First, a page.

2. TELLING TIME
For this activity, draw a clock face with hour and minute hands on one half of the egg and write out the time in Spanish on the other. Repeat on all the eggs. Students then need to match the clock face with the time in Spanish. This can either be done individually, in partners, or in small groups. Want to make it into a competition? Divide students into teams and have them race to put the eggs back together correctly!

3. MARACAS
Is your Spanish class not loud enough? Make maracas! Check out this blog post from A Thrifty Mom for step by step instructions on how to construct these fun little music-makers (hint: it's really easy). I love how students can put their own creative spin on them when they decorate. Ties in a little culture, too!

4. EMOTIONS
Even if you aren't good at art, you can still do this activity! (See picture below for proof. I am NOT an art teacher for a reason. Ha!) Draw a picture of an emotion on one half and write the corresponding emotion in Spanish on the other. Have students match the picture with the emotion vocabulary word that describes it.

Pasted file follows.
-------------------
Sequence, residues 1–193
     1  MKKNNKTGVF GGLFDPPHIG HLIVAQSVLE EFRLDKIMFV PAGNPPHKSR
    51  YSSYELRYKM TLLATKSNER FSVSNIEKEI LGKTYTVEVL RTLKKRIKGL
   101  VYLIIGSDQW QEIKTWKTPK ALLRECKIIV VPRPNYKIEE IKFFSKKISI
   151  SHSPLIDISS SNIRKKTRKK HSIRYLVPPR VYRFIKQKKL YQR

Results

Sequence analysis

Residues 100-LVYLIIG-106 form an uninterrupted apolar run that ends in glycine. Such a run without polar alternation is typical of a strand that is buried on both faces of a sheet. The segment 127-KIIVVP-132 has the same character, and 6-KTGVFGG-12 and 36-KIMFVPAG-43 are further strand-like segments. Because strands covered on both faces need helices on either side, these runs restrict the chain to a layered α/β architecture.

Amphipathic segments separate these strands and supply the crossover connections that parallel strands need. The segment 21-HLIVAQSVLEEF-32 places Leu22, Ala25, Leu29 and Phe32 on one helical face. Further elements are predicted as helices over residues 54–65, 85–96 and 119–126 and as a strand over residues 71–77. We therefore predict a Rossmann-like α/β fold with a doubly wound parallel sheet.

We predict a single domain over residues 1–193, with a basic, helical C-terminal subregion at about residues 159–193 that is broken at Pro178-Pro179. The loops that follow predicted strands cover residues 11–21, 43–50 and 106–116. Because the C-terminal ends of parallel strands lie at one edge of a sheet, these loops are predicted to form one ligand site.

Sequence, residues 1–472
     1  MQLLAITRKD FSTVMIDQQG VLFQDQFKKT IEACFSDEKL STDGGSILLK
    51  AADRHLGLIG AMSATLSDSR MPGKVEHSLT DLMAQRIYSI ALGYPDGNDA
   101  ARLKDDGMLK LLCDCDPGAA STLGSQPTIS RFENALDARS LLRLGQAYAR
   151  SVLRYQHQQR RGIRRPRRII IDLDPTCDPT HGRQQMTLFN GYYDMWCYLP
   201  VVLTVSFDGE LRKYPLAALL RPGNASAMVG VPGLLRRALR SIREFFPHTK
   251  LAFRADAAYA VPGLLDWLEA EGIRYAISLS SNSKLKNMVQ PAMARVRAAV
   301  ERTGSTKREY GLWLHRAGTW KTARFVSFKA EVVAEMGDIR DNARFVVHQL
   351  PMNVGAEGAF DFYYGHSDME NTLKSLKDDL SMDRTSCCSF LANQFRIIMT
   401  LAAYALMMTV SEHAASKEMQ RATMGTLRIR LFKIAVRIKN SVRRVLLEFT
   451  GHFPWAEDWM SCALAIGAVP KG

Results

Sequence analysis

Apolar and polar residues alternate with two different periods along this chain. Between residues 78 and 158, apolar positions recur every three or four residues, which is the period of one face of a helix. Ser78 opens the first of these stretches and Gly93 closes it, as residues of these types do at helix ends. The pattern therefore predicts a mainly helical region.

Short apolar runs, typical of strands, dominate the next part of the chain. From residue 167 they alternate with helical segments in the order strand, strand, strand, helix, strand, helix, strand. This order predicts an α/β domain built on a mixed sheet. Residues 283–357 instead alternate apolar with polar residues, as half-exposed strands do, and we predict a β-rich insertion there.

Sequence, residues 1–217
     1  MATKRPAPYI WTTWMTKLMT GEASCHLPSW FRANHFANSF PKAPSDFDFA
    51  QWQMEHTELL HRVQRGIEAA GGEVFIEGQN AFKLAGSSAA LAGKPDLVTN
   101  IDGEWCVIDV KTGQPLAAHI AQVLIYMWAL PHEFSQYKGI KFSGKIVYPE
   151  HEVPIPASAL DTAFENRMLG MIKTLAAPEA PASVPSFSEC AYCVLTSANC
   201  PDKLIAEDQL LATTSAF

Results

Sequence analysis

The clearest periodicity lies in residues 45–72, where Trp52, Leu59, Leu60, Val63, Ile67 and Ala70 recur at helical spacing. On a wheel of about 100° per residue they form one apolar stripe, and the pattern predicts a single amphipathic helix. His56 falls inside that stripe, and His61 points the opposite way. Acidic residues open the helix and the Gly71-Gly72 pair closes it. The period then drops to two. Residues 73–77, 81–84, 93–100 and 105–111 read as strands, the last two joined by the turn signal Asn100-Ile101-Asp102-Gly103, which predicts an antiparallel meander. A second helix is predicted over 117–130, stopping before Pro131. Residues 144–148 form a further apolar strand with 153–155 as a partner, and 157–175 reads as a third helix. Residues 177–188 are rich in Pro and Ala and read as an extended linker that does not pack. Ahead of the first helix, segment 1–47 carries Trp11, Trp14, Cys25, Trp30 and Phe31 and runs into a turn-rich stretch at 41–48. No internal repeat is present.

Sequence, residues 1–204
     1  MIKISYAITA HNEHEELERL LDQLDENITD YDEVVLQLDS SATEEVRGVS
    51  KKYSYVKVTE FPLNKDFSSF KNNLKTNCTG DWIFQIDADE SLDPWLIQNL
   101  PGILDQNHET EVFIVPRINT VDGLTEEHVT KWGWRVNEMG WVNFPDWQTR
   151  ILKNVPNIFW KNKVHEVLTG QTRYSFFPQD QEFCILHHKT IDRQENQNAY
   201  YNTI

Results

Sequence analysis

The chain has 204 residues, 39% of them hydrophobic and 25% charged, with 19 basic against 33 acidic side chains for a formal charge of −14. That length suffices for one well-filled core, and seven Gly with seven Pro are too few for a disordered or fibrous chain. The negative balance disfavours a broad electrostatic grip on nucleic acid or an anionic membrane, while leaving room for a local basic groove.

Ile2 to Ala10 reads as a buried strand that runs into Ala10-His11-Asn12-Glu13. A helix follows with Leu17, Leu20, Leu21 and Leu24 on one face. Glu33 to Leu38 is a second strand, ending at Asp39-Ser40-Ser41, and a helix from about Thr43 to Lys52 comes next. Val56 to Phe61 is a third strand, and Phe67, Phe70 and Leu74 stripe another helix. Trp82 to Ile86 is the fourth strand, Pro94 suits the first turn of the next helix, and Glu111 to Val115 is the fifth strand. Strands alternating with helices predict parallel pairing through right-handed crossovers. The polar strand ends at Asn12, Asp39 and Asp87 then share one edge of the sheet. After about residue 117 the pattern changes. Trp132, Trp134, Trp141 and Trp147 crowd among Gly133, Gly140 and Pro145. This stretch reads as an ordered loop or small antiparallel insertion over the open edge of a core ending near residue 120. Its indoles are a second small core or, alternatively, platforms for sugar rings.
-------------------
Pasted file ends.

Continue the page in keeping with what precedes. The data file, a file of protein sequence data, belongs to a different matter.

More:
5. ANTONYMS
This activity works GREAT with adjectives! Write an adjective on one half of the egg and its antonym on the other. Students need to think about the adjectives they have learned and which ones are opposites as they match up the halves correctly. You could also add another layer to this and have masculine and feminine versions of adjectives in the mix so students have to not only match the opposites, but also make sure they agree in gender.

Have you used plastic eggs in your Spanish class? I would love to hear how in the comments below as I think we are all looking for fun new ways to use those leftover plastic eggs! Have fun!


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The 10 Commandments for Language Learning

Tuesday, April 11, 2017 / 3 comments